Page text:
Elitism is alive and well in the Philippines. Those who believe they are superior to the ‘masa’ of Filipinos assume their ways are superior, their ideas are superior, their choices are superior. That is why both administration and opposition do not allow the people to speak their minds and their hearts. Each side says their appointees and programs, or their candidates, are good despite actual behavior or lack of track records for doing consistent good to the majority of Filipinos. The elitism hits not just the rich and powerful but also the holier-than-thou in civil society and the intellectuals who disdain not only the ‘trapos’ but the ‘hoi poloi’ as well. Always claiming to be for the people but never giving the same people the time of day is the favorite zarzuela of those who think they are better than they people they serve.
They said Jesus Christ was a rebel. If He was, then He rebelled against the elite of His time because only the elite can be the object of a rebellion. I believe Christ was the first living democrat. He spoke as though He believed in theocracy with His many references to His Father in n heaven, but He behaved as though he was a servant of the least among people. He even washed the feet of those who followed Him and reminded all that the entry to heaven depended on how we treat the least among us. Using his criteria, those who govern in State and Church would not qualify to be on the right side with massive poverty and endemic corruption as the sum total of their performance.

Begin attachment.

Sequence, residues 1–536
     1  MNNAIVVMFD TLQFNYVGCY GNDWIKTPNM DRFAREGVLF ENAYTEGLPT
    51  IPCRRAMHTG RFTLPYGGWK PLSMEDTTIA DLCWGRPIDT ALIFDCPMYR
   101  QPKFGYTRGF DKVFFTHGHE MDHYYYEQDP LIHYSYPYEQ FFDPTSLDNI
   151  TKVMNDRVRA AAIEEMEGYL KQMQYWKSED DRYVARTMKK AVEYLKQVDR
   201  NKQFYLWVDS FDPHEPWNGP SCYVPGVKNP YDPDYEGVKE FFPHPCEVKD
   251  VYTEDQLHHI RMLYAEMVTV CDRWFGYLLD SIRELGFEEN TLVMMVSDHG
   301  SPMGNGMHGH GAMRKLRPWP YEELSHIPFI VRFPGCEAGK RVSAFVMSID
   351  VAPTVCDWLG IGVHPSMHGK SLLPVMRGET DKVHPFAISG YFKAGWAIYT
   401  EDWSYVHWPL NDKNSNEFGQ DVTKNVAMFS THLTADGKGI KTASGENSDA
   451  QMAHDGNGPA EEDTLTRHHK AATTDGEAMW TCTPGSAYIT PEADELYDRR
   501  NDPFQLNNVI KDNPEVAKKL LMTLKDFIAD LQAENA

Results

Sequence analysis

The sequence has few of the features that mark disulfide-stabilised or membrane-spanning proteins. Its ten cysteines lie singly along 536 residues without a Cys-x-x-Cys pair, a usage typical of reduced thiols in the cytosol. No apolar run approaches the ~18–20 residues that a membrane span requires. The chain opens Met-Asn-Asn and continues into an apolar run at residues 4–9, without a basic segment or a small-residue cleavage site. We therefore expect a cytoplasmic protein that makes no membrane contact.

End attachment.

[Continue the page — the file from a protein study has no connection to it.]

Now, everyone is focused on the 2010 elections, those who are accused of bad governance and those who accuse. It seems that there is no focus on poverty and corruption except as issues which one can throw to the other side. When hunger incidence in the latest polls shows a significant decrease from over 4 million to 2.9 million affected families, the administration was quick to take credit and the opposition said that 2.9 million is scandalous.
In truth, among the interested candidates, who has the poor as the central players of a democracy, as the primary objects of progress? Not even one of them moved visibly and spoke clearly about battling hunger. It is only right that Malacañang take credit for reducing hunger even as it takes the blame for hunger in general. It is better to be blamed or credited than to be a bystander when people go hungry and concentrate on less important matters. And I include all the noisy advocacy groups, the noisy civil society, and a Church which did not fight hard enough for their hungry sheep.
Democracy is a bottom up format of governance. It defies tradition and history, but it is grounded on solid principles that are truly of ethical politics and religious nobility. Democracy gives life to pronouncements of man’s equality under the eyes of God and under the laws of man – equal in worth and dignity. Democracy is worth building but so easy to abort in Philippine society when leaders do not really want to promote it.
In the noise and din now created by the rich and powerful, by a Church threatened with her waning influence, but civil society and the cause-oriented crying for good governance without any program for the governed, by holier-than-thou pundits in mass media and the Internet, where is the poor, where is the young, where are the voiceless majority who are the source of power in a democracy?
Nowhere. As nowhere as democracy.
“In bayanihan, we will be our brother’s keeper and forever shut the door to
hunger among ourselves.”